Using a clustered index in a table with an excessive number of columns isn’t the best idea, either. The reason behind this is simple: the index is supposed to define the default sort order. Too many columns mean repeated resorting with each new use case, slowing down the database. It will also result in an increase in the size of the non-clustered indexes present in the table.

Another situation where a clustered index can’t help is a column that isn’t usually static as they undergo frequent changes. Changing key values on an index have far greater chances of creating performance-related problems. This is because updating key values typically leads to page splits – these need maintenance, which takes resources and affects performance.

How to use FORCE INDEX Hints to tune an UPDATE SQL statement?

improve performance of sql query

We used to use FORCE INDEX hints to enable an index search for a SQL statement if a specific index is not used. It is due to the database SQL optimizer thinking that not using the specific index will perform better.  But enabling an index is not as simple as just adding an index search in the query plan, it may entirely change the structure of the query plan, which means that forecasting the performance of the new Force Index hints is not easy. Here is an example to show you how to use FORCE INDEX optimization hints to tune a SQL statement.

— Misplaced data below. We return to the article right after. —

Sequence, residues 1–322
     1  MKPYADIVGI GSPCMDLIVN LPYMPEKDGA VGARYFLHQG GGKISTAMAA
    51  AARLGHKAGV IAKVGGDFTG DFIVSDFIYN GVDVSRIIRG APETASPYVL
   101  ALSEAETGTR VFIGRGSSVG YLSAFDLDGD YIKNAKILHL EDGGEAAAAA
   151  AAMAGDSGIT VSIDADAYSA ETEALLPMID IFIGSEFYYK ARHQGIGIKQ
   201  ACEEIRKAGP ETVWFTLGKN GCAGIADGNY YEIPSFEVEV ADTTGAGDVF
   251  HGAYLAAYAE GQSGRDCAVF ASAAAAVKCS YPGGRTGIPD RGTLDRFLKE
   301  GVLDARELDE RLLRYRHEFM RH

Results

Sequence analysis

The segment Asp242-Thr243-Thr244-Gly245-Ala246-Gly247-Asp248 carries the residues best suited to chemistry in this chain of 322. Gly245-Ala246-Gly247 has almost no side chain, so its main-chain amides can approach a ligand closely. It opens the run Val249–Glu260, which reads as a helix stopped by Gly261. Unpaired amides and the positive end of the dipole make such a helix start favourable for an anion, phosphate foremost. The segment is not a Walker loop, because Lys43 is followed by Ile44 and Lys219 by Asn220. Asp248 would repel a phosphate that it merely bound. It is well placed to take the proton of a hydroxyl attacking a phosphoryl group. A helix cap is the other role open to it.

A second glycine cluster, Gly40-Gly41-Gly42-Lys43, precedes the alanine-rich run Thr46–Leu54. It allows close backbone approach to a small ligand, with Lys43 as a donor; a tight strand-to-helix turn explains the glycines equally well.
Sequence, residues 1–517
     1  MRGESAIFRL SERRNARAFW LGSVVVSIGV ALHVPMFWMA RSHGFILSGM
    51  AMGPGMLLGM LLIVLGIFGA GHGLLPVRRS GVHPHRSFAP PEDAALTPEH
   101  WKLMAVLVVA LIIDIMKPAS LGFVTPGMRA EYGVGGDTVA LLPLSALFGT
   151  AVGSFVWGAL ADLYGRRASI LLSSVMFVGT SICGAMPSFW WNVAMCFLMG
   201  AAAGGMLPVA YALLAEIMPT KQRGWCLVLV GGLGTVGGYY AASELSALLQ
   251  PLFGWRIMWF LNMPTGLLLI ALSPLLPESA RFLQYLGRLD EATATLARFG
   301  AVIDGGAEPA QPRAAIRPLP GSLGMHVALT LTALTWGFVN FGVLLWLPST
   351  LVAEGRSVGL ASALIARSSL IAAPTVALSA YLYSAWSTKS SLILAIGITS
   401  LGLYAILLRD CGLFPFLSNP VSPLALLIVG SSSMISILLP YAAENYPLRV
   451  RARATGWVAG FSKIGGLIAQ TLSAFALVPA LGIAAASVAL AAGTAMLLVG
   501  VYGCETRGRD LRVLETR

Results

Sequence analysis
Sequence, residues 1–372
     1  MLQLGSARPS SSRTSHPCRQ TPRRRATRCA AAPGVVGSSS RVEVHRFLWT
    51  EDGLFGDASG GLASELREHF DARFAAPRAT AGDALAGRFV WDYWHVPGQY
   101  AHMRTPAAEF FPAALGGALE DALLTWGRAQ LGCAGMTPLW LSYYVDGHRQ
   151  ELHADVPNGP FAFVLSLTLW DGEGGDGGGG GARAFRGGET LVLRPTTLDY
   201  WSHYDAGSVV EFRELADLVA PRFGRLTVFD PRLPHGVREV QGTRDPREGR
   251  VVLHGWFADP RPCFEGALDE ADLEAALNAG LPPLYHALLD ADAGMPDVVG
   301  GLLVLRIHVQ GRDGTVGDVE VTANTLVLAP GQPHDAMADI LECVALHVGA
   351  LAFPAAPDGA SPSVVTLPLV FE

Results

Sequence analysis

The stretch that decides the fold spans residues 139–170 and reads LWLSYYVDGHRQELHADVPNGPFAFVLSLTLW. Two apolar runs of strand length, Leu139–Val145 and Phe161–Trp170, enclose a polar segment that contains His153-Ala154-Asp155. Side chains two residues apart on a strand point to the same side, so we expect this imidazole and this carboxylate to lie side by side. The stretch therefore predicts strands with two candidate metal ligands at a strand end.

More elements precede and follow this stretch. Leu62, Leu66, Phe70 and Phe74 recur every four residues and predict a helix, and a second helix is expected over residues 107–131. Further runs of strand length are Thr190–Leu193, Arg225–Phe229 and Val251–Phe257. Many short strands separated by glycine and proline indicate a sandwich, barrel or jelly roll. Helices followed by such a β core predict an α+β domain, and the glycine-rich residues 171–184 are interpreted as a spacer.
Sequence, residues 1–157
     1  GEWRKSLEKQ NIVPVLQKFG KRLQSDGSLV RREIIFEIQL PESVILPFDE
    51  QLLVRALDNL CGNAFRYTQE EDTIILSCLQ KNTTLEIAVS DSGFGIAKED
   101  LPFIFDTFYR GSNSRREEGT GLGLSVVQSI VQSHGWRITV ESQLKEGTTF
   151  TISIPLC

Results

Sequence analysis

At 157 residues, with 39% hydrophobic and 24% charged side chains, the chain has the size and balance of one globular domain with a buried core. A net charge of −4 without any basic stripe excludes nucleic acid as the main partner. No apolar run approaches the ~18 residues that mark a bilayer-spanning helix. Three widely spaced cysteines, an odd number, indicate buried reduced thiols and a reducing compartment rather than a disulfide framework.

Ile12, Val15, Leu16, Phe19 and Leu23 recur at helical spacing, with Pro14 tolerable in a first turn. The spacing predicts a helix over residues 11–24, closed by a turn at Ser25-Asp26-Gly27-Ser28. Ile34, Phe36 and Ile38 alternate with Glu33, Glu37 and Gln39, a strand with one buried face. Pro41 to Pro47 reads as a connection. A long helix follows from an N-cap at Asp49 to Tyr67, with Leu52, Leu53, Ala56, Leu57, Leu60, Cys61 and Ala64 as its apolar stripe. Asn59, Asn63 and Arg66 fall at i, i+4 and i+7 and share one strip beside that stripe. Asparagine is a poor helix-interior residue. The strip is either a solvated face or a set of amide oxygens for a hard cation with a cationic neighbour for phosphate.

A simple example SQL that updates EMP_SUBSIDIARY if the emp_id is found in EMPLOYEE with certain criteria.

update EMP_SUBSIDIARY set emp_name=concat(emp_name,'(Headquarter)’)
where emp_id in
(SELECT emp_id
  FROM EMPLOYEE
WHERE  emp_salary <1000000
   and emp_grade<1150)

Here the following is the query plan of this SQL, it takes 18.38 seconds. The query shows a Full Table Scan of EMPLOYEE and then Nested Loop to EMP_SUBSIDIARY with a Unique Key Lookup of Emp_sub_PK index.

We can see that the filter condition “emp_salary <1000000 and emp_grade<1150” is used for the full table scan of EMPLOYEE. The estimated “filtered (ratio of rows produced per rows examined): 3.79%”, it seems the MySQL SQL optimizer is failed to use an index to scan the EMPLOYEE table. We should consider forcing MySQL to use either one of emp_salary or emp_grade index.

Unless you fully understand the data distribution and do a very precise calculation, otherwise you are not able to tell which index is the best?

Let’s try to force the index of emp_salary first.

update   EMP_SUBSIDIARY
set    emp_name=concat(emp_name,‘(Headquarter)’)
where emp_id in (select  emp_id
         from    EMPLOYEE FORCE INDEX(`emps_salary_inx`)
         where  emp_salary < 1000000
           and emp_grade < 1150)

This SQL takes 8.92 seconds and is 2 times better than the original query plan without force index hints.

Let’s try to force the index of emp_grade again.

update   EMP_SUBSIDIARY
set    emp_name=concat(emp_name,‘(Headquarter)’)
where emp_id in (select  emp_id
         from    EMPLOYEE FORCE INDEX(`emps_grade_inx`)
         where  emp_salary < 1000000
           and emp_grade < 1150)